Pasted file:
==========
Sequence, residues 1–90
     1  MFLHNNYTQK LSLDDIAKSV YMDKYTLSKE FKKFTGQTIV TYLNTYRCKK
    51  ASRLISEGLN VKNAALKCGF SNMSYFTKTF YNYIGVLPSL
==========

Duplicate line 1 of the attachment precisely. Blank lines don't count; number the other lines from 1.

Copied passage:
Sequence, residues 1–90